Every December I get clutter body. I long for a clean Marketo database.
It’s so tempting to keep everything. Deleting data is nerve wracking! But the truth? There’s a lot of junk in our databases, and we have to pay for every competitor, solicitation, and junk email we’ve got.
So here’s the step-by-step process I follow to identify the junk, find where it’s coming from, and keep it out. For this post, the tech stack s Marketo and Salesforce. Adapt as needed to your MAP and CRM stack.
In this post:
1. Decide what fields are important
A “clean Marketo database” is a relative term. Some teams only need an email to start working a lead. Others need detailed demographics and contact information to really target their buyer.
So first off, decide which fields are important.
- Lead scoring is the first place to start to identify these fields. This includes both the demographic and behavioral attributes.
- The next place is Salesforce. What fields are required to save a new lead record or a new contact record?
I also recommend building a field dictionary with these columns (so you never have to do this exercise again):
- CRM Friendly Field Label
- MAP Friendly Label
- API Field Name
- Field Type
- Field Definition
2. Use smart lists to see the bad data and junk leads
Now that you know what fields you need, you can create smart lists to see how bad the problem is.
Records that have been inactive for the past 90 days
Create a list using these filters:
- Was delivered email (set to is ANY)
- Not clicked in email
- Not filled out form (and form doesn’t contain unsubscribe)
- Not visited key website page(s) (include key web page urls)
- Not had interesting moment
- Not was updated in the past before 90 days
- Not was created in the past 90 days
Include any other inactivity filter actions unique to your organization. And set the filter logic to “all.”
Records with incomplete data
I usually create a smart list that catches records missing data in each of my critical fields. (To visualize everything in one list, remember to set the filter logic “is any”. Beyond your critical fields, remember to check for:
- Lead Source is empty
- SFDC Type is empty (indicates it’s not syncing to a SF campaign)
- Email Address does not contain @
3. Where is the bad data coming from?
Now that we see all the bad data (and boy is that sobering), we want to turn off the valve. Create a customized view in your bad data smart lists that includes the critical fields identified in the previous step, plus these columns:
- Original Source Type
- Registration Source Type
- Registration Source detail
- Lead Source (Person Source)
- First Name
- Last Name
We’re looking for recurring source types. Drill down with additional smart lists (or by exporting into Excel and playing with a pivot table). You may even have to snoop through activity records and follow the step IDs on the date the crappy contacts were created.
- What common trends do you see in source type fields among the crappy records?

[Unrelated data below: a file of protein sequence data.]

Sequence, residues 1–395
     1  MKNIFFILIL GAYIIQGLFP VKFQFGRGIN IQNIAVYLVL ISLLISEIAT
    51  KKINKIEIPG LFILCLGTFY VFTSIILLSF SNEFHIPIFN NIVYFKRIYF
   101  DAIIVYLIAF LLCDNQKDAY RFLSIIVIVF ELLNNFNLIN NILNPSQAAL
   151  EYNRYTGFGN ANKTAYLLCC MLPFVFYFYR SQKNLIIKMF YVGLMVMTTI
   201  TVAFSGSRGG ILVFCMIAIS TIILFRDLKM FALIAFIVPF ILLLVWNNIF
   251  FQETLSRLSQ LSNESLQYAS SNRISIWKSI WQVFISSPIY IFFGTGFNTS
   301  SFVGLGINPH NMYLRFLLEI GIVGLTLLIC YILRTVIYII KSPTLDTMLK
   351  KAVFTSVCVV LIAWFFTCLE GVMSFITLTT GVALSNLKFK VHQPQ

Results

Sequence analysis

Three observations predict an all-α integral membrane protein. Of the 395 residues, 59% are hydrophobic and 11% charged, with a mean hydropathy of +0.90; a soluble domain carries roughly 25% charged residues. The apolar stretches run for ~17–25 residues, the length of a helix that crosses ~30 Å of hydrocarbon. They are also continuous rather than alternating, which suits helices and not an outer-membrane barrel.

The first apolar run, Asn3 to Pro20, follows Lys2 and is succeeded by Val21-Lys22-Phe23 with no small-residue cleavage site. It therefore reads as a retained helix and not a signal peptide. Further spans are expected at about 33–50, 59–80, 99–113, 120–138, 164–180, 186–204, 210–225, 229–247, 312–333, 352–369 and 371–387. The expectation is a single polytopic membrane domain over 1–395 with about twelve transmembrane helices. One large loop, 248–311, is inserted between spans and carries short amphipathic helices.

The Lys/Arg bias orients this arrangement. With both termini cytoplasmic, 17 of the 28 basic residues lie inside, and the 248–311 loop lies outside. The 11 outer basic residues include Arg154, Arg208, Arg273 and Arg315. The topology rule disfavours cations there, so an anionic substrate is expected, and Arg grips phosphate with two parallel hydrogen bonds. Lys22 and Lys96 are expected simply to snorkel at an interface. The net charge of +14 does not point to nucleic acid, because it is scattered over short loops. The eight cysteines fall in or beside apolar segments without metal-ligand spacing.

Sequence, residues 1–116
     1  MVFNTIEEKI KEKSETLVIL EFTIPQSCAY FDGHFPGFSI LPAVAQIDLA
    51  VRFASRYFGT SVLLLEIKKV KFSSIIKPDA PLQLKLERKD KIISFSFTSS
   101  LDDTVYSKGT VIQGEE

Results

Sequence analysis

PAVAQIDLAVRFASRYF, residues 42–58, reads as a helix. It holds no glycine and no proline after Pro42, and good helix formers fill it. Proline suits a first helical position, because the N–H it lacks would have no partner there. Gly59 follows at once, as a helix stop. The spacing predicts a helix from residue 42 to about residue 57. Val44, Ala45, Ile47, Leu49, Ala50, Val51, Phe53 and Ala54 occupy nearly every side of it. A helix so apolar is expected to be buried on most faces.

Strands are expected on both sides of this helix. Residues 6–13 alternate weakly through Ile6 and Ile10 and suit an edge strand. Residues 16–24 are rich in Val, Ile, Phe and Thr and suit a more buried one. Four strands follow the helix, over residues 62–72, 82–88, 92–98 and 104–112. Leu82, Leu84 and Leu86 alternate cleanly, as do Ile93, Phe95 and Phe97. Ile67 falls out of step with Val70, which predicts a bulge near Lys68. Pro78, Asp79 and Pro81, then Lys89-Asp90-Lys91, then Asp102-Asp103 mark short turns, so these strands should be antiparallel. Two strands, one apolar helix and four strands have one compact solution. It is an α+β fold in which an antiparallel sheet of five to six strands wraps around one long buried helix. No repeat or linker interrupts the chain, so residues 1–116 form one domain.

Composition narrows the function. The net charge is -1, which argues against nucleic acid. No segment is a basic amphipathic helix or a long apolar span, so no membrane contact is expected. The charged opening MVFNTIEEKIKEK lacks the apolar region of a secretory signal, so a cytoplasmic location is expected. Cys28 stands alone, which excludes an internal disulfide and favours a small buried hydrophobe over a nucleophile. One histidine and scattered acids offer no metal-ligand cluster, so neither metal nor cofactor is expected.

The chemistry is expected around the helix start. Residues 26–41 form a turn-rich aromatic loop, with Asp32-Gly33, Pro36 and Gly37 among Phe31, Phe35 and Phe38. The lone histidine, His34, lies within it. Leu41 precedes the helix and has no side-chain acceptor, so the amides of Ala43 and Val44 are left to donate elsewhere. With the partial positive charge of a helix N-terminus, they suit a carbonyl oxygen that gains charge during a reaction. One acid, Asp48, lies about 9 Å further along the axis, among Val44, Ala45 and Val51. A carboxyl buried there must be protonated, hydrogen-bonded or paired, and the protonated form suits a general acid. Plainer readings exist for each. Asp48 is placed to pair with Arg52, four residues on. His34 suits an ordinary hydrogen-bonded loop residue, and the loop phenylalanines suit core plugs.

- Are they usually forms?
- Are the forms in question related to specific programs like webinars?
- A specific webinar or webinar provider?
- Do they share a form template?
- Do you see Salesforce as a type?
- Is it a SFDC user inputing incomplete data?
- Web API?
- Which integrations are active and are the fields mapped correctly?
Our goal here is to find the sources of bad data and fix them. For example:
- If a lot of leads are syncing from Salesforce without lead sources:
- Can we make this a required field when reps create a record?
- If not, can we create a normalization campaign to auto-fill the source as “Sales rep”?
- If the offender is an integrated tool like Zoom:
- Can we troubleshoot how the fields are mapped together?
- Again, if we can’t remedy this at the outset, can we normalize data coming in from “Zoom” with an ongoing batch smart campaign?
4. Normalize your data
A really common problem is not having normalized data that matches picklists between systems. Run batches to correct this each night.
Lets say you have a lead source picklist in Salesforce with these values:
- List import
But some Marketo records don’t match the picklist format. Here’s how to fix it:
- Create a batch campaign that includes a filter for Person source and an operator that says is not and then include all the correct values from the Salesforce pick list.
- Then in your flow step you will use a change data step.
- You will set the choices with logic like this: if Person Source is sales representative then set Person Source to Sales. Or if Person source is list upload then set Person Source to List import.
- Set this to run nightly. Voila, normalized data!
5. Set up scheduled cleanses of bad data and junk leads
Okay, here’s the fun part – time to actually clean the Marketo database. Follow the step-by-step instructions here >
Your best friend is the out-of-the-box system campaign that flags possible duplicates. Don’t change the settings! Just review it every month and tackle 50% of the dupes.
Depending on your permissions, you can de-dupe directly in Marketo. The benefit is you can just de-dupe as you see them, but it’s manual.
Otherwise you’re going to de-dupe in Salesforce with your Salesforce admin. I recommend tools like Ringlead, Demandbase, or Cloudingo.
And 🚨 if your Salesforce admin wrote a de-dupe rule, make sure it excludes the Marketo sync user. 🚨 Marketo needs to find and match records in Salesforce. A de-dupe rule could ironically create a massive amount of dupes.
7. Rinse and repeat every 6 months
Yep, as often as you get your teeth cleaned: review your bad data smart lists, ensure your important fields haven’t changed, and track down where the bad data is coming from.
But the good news is your maintenance automation will have been running all along, so each time the cleanup will be easier.
Image via Giphy.
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